Best Bass Lures for Shore Fishing: 5 Must Have Baits
Catching bass does not always require a fancy boat or kayak. Fishing from the bank, especially in ponds that boats cannot easily access can provide some incredible fishing experiences. However, because you only have access to spots you can reach from the side and you have limited carrying capacity, knowing how to narrow down your lure selection for the best possible results is crucial. This article provides some guidelines that will help you put a compact, effective shore fishing tackle box together.
General Approach to Lure Selection from the Shore
Before we go into the specific bass fishing lures we recommend for catching fish from the shore, it is important to understand a few key concepts:
Because you only have access to spots you can cast at from the side, you want to make the most of the fishable water available. A simple way to approach this is by choosing baits that allow you to cover the top, middle and bottom of the water column. Generally speaking your fishable zone from the side is from a depth range of 10 feet and up. The top zone of course refers to the surface and anything just below the surface. Middle refers to the 2-6 foot depth range that is holding suspended fish. Bottom refers to the 7-10 foot depth range holding fish feeding on the bottom.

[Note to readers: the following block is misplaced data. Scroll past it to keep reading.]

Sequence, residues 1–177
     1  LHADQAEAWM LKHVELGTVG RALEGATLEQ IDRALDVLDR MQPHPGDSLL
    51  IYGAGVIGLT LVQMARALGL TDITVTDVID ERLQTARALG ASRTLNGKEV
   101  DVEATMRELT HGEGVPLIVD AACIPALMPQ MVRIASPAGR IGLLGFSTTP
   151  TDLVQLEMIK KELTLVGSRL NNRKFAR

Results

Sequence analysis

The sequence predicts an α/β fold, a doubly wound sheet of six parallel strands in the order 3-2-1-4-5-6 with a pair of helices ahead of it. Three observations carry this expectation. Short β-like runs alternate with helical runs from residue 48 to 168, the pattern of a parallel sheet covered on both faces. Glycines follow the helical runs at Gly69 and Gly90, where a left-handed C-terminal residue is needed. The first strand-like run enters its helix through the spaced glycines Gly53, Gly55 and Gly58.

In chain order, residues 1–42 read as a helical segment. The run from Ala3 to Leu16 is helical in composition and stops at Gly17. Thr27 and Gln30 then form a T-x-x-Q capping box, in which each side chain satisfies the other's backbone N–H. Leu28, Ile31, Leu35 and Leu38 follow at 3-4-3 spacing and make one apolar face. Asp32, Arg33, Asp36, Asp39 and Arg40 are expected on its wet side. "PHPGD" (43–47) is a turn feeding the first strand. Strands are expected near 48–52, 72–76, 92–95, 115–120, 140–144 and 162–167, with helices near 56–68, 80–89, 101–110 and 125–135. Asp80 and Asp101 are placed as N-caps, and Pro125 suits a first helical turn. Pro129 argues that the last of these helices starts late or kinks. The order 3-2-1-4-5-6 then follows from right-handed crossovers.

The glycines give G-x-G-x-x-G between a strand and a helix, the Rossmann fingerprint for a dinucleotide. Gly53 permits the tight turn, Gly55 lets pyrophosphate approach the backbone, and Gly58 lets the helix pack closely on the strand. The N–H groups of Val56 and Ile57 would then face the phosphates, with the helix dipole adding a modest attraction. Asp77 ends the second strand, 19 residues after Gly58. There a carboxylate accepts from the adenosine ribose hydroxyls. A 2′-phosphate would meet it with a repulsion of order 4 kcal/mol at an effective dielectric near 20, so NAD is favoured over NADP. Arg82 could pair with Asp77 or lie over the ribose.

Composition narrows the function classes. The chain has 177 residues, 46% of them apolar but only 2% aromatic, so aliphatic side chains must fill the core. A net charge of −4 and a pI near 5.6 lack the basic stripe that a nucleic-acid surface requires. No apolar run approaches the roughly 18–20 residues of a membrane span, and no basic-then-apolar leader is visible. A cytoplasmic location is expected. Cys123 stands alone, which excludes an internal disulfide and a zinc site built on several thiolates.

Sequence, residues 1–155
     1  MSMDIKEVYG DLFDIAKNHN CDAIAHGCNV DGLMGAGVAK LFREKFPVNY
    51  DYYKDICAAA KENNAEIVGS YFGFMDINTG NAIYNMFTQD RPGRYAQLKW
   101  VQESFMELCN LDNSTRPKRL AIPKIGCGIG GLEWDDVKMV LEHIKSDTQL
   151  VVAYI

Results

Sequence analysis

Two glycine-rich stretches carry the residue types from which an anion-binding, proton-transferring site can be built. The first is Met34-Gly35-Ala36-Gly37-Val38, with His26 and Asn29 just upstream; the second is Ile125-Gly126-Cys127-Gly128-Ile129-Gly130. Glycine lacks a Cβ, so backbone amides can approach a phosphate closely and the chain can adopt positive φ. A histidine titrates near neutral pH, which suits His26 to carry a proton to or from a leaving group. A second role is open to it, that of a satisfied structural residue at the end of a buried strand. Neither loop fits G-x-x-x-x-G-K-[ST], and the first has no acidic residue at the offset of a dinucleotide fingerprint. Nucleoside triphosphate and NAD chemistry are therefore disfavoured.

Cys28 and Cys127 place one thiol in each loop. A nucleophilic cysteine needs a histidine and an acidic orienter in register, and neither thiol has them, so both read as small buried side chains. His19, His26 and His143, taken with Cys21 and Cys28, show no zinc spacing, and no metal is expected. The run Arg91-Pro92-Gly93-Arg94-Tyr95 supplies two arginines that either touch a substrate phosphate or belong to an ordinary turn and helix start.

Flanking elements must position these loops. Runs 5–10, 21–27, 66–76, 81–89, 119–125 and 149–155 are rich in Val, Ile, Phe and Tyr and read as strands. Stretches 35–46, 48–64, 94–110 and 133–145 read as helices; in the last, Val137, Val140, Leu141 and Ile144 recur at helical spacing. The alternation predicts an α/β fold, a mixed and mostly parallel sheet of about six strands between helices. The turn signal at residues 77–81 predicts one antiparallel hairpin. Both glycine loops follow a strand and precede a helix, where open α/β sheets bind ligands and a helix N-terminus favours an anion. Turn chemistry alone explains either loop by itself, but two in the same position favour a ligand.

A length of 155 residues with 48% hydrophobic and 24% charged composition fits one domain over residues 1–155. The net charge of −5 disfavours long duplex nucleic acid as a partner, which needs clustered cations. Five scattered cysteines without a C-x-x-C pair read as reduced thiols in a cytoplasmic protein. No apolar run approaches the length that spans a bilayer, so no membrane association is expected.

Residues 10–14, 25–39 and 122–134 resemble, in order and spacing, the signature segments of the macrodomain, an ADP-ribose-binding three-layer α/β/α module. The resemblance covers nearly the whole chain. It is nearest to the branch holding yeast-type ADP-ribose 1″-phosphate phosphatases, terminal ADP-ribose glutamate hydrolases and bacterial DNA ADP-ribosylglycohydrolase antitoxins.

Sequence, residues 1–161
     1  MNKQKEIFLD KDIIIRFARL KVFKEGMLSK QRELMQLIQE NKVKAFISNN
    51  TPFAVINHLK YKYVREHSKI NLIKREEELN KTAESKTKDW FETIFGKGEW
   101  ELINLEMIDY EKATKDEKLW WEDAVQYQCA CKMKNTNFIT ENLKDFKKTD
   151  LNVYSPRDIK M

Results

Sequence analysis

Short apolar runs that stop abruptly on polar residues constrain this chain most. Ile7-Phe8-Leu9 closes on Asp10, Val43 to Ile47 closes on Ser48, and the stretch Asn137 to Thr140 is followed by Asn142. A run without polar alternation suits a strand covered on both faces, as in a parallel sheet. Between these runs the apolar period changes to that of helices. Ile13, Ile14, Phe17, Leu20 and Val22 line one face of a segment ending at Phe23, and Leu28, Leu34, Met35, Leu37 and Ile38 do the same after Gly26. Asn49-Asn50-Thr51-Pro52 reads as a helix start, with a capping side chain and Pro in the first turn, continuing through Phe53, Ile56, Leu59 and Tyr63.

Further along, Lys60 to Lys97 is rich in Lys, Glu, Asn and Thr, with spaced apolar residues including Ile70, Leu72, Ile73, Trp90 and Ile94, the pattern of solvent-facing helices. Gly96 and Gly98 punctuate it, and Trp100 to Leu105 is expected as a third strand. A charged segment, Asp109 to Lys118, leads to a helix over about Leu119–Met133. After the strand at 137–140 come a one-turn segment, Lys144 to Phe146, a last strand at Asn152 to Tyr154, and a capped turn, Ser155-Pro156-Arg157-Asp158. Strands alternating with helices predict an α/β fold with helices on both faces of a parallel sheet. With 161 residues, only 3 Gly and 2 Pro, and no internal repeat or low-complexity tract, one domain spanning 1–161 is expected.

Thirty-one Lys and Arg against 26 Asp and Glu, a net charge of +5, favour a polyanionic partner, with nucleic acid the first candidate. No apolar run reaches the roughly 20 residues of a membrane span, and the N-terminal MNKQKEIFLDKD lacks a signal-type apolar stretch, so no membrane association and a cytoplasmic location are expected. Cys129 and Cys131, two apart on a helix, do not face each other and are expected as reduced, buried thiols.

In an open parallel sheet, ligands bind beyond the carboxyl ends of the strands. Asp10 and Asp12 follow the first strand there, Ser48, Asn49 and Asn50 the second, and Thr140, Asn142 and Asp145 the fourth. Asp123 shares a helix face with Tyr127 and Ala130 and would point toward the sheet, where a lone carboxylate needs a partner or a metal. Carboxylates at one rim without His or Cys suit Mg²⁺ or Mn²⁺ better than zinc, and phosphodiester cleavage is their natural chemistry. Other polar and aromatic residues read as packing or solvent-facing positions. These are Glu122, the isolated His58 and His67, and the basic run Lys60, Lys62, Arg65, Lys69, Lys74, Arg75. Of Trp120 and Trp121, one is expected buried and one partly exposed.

When you start fishing a spot, work your way from the top of the column down. Eventually you will start to pick up a pattern and figure out in which zone the fish are feeding. This makes your lure selection thereafter easier and more accurate.
Keep it Weedless
Remember, if you get snagged you don’t have the ability to go and get your lure like you do when you are on a boat or a kayak. Trust me, you will enjoy your bank angling far more if you use as many weedless lures as possible. It’s not to say that you can’t throw open hook lures from the side, there are times where this is super effective and we cover some of those further on. In general though, you will be fishing submerged cover and fishing weedless is going to make your life far easier.
Keep it Simple
When fishing from the side you probably have a small backpack for your tackle boxes and one, maybe two rods. Narrow down your tackle as much as possible using the guidelines above and the suggestions below. You don't want to be walking around with multiple bags and numerous rods when bank fishing, that will simply slow you down and make you inefficient.